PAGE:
It’s an oft-told story that the fortune of Swedish chemist and businessman Alfred Nobel was founded on patented explosives, including dynamite. While his products were used beneficially in mining and construction applications, their wartime use in munitions gave him concern that he would be remembered solely as a ‘merchant of death’. Consequently, Nobel set aside the vast majority of his fortune to establish the prizes that bear his name, awarded to those who have had the greatest benefit on mankind in various fields of endeavor, including the Peace Prize and the Chemistry Prize. This year’s Chemistry Prize was awarded jointly to Emmanuelle Charpentier of France and Jennifer Doudna of the US for their parallel developments of genome editing, namely their groundbreaking 2012 works on CRISPR. Like dynamite, CRISPR offers the twin potential to provide both great risks and rewards to human life.
These and other concerns have produced a variety of moratoria on certain types of research, particularly with respect to human subjects. Nevertheless, the promise of the technology is so great that scientists have a broad array of perfectly ethical and beneficial avenues of research to follow, and are doing so at an ever-increasing rate. In a recently published report from BioInformatics, The 2020 Market for CRISPR/Cas Genome Editing Products, a survey of 328 researchers working with the technology revealed that the number of CRISPR experiments being carried out per month is expected to increase by an average of 16.2% over the next 18 months. The study also offers information on CRISPR workflows, applications and perceptions of vendors and service providers in the space.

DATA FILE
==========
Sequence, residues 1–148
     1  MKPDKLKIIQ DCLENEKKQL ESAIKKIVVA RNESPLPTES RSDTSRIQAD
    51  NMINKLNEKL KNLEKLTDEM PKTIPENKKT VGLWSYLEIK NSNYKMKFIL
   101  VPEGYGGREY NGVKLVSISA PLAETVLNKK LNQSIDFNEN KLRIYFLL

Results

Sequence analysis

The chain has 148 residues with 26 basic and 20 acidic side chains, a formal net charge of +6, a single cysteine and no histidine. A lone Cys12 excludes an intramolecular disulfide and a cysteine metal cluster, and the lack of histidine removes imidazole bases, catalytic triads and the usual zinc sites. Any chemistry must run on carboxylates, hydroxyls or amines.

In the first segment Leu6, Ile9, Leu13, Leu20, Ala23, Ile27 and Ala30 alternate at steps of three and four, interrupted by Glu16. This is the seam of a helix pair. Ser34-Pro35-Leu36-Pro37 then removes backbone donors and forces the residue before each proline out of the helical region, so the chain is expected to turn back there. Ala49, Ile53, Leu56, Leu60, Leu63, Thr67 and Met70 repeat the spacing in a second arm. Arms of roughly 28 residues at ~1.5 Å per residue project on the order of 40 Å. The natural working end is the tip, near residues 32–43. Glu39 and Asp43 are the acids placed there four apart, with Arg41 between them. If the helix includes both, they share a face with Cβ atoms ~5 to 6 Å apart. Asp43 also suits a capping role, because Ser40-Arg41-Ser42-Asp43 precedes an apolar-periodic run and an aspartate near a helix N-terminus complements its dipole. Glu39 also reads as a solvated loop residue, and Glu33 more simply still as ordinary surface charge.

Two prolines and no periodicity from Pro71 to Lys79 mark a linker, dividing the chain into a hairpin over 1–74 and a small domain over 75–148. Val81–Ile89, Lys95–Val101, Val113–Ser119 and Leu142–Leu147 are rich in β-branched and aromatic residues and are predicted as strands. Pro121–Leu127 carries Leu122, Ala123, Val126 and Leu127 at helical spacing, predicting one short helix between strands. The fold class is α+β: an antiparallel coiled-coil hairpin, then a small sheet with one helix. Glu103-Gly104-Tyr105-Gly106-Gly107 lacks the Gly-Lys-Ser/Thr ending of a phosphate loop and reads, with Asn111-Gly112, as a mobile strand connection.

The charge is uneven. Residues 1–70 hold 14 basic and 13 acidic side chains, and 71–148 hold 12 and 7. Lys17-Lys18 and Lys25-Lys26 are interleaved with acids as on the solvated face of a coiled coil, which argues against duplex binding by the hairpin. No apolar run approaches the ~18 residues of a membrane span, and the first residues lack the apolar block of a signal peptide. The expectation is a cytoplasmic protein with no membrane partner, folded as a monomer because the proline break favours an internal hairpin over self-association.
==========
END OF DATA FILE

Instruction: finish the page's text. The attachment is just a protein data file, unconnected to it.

CRISPR (clustered regularly interspaced short palindromic repeats) represents a technology developed from the mechanisms underlying a naturally occurring bacterial ability to protect themselves from foreign genetic elements, such as from a viral infection. From this natural defense has arisen a technology for gene editing, allowing researchers to alter the genetic code with precision, using instruments already found in many life science labs. A gene can be deleted from its location in an organism’s DNA, or novel genes can be inserted into the code. Depending on the application, these changes can be performed on a single cell, or into an entire tissue or organism with an appropriate delivery method.
From the original publications just 8 years ago, a vibrant research community has grown to make use of the technology (as has a vibrant legal industry assessing the patent situation). This revolutionary tool in research and industry does raise some issues of safety. While scientists are generally focused on the positive aspects of treating genetic diseases, developing novel gene therapies, or developing GMO crops with beneficial properties, the legal, ethical and regulatory framework has been slow to develop. This concern is not entirely theoretical or artificial – in 2018, Chinese researcher He Jiankui claimed that he had created the first human genetically edited babies, altering the germline CCR5 gene of twin girls during the embryo stage in an attempt to make them resistant to HIV. Widely condemned by the global scientific community for violating scientific principles and ethical norms, he was fired and sentenced to three years in prison. But in some ways, the genie is now out of the bottle.